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Fox News host Bill O'Reilly says left wants to take power from 'white establishment'

Pundit made similar remarks around the time of Barack Obama's re-election

Feliks Garcia
New York
Wednesday 21 December 2016 05:04 GMT
Fox News host Bill O'Reilly says left wants to take power from 'white establishment'

Bill O’Reilly lashed out at efforts to do away with the Electoral College as a racialised effort to quash the “white establishment” in US politics.

The Fox News pundit made his remarks following Donald Trump’s election win was finalised by electors across the country. Mr Trump, who lost the popular vote to Hillary Clinton by more than 2.8 million votes, achieved a narrow victory through the Electoral College.

Mr Trump continues to claim that he won in an historic landslide, but his 306 to 232 electoral win ranks 48th of the 58 votes in US history.

The unexpected win prompted significant criticism from progressives, as the results are not necessarily representative of the voters’ actual choice – especially due to harsh voter ID laws in states like North Carolina that essentially disenfranchised voters of colour.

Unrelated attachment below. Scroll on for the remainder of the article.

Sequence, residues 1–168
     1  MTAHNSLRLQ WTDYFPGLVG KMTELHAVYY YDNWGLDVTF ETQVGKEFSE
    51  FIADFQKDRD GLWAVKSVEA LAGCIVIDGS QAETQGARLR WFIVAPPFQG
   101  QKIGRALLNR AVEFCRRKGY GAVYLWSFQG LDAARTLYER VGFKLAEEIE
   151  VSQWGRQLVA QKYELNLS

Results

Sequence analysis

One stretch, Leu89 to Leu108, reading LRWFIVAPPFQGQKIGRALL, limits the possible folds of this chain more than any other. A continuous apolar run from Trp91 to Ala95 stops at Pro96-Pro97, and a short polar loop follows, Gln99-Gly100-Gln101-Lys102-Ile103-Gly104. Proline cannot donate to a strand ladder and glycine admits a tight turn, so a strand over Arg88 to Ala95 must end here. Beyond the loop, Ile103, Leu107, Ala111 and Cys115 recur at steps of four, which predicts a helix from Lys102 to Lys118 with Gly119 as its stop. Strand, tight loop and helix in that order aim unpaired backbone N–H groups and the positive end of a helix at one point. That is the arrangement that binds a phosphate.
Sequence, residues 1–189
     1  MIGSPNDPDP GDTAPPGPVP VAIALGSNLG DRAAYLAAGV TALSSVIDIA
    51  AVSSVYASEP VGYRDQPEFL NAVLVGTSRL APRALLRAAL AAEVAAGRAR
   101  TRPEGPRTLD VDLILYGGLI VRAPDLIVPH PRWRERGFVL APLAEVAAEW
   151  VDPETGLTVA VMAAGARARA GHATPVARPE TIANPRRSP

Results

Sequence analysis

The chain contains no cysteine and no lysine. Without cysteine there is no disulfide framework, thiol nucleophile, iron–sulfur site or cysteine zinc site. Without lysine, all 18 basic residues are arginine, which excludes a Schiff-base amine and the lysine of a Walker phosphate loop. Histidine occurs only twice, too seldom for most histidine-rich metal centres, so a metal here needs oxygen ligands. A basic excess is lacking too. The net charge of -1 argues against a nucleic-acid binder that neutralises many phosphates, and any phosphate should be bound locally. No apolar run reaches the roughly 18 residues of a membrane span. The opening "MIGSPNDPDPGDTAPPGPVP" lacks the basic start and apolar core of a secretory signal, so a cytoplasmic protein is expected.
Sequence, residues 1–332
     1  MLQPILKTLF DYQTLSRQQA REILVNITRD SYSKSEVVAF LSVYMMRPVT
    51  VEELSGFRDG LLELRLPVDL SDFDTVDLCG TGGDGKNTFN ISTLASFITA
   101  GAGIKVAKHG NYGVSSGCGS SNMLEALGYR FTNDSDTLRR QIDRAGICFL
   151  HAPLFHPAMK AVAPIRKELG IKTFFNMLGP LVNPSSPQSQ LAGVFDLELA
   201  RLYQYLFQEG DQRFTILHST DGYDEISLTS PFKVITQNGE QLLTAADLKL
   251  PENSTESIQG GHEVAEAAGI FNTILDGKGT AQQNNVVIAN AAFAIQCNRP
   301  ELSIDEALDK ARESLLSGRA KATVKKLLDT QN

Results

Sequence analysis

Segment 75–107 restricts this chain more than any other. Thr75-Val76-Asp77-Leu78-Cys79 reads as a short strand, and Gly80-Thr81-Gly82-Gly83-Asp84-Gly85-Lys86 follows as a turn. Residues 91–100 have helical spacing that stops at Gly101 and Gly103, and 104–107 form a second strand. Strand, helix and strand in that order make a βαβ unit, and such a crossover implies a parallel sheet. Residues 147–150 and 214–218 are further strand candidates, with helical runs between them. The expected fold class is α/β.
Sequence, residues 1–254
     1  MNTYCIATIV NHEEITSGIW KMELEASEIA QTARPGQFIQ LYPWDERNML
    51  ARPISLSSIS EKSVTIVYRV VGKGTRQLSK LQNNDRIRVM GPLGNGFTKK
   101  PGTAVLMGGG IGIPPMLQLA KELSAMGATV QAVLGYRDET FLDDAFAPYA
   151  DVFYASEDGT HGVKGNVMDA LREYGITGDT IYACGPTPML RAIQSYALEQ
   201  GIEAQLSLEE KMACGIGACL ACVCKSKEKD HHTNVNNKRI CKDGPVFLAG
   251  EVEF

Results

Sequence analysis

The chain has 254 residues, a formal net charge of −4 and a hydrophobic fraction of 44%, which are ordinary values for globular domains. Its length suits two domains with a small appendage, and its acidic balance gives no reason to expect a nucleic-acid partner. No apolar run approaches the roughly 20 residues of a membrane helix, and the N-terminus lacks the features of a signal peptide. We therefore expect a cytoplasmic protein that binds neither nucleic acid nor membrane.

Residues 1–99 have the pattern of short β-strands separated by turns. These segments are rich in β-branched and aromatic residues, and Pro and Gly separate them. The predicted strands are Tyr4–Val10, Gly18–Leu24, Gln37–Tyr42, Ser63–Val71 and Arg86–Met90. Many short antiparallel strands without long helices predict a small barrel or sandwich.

But Mr O’Reilly believes efforts to change the system are an attempt to remove white people from political power.

“If the Electoral College were abolished,” he said, “presidential candidates could simply campaign in the nation’s largest cities – New York, LA, Chicago, Houston – and rack up enough votes to pretty much win any election.”

He claimed the “hidden reason” behind calls to retire the Electoral College are intended to neutralise the “largely white rural areas in the Midwest and South”.

“The left sees white privilege in America as an oppressive force that must be done away with,” Mr O’Reilly added, without acknowledging the spectre of America’s racist past.

“The left wants power taken away from the white establishment and they want a profound change in the way America is run.”

His remarks come amid public concerns over the incoming Trump administration and its ties to advocates of white supremacy.

Mr Trump campaigned on an anti-immigrant and anti-Muslim platform that galvanised groups like the Ku Klux Klan and various neo-Nazi organisations. His selection of Stephen Bannon – the former chair of Breitbart, the “platform for the alt-right” – only strengthened those concerns.

Mr O’Reilly made similar claims during the 2012 election, claiming the “white establishment is now the minority”.

He added: “And the voters, many of them, feel that the economic system is stacked against them and they want stuff. … People feel that they are entitled to things and which candidate, between the two, is going to give them things?”

“The demographics are changing,” he added. “It’s not a traditional America anymore."

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